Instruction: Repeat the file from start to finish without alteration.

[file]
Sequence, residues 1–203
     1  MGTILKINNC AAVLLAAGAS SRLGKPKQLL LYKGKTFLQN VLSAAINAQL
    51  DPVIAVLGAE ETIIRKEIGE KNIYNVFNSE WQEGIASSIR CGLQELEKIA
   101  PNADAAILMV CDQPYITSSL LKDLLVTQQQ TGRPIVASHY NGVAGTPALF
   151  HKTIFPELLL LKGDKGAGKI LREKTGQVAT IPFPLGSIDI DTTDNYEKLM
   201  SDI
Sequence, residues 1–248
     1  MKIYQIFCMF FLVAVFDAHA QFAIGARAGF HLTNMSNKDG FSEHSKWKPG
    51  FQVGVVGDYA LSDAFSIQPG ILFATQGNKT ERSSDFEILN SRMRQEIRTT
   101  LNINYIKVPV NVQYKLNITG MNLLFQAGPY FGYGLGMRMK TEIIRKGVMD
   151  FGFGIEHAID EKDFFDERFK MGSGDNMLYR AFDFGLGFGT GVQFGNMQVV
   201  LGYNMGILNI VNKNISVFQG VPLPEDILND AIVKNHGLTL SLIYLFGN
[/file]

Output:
Sequence, residues 1–203
     1  MGTILKINNC AAVLLAAGAS SRLGKPKQLL LYKGKTFLQN VLSAAINAQL
    51  DPVIAVLGAE ETIIRKEIGE KNIYNVFNSE WQEGIASSIR CGLQELEKIA
   101  PNADAAILMV CDQPYITSSL LKDLLVTQQQ TGRPIVASHY NGVAGTPALF
   151  HKTIFPELLL LKGDKGAGKI LREKTGQVAT IPFPLGSIDI DTTDNYEKLM
   201  SDI
Sequence, residues 1–248
     1  MKIYQIFCMF FLVAVFDAHA QFAIGARAGF HLTNMSNKDG FSEHSKWKPG
    51  FQVGVVGDYA LSDAFSIQPG ILFATQGNKT ERSSDFEILN SRMRQEIRTT
   101  LNINYIKVPV NVQYKLNITG MNLLFQAGPY FGYGLGMRMK TEIIRKGVMD
   151  FGFGIEHAID EKDFFDERFK MGSGDNMLYR AFDFGLGFGT GVQFGNMQVV
   201  LGYNMGILNI VNKNISVFQG VPLPEDILND AIVKNHGLTL SLIYLFGN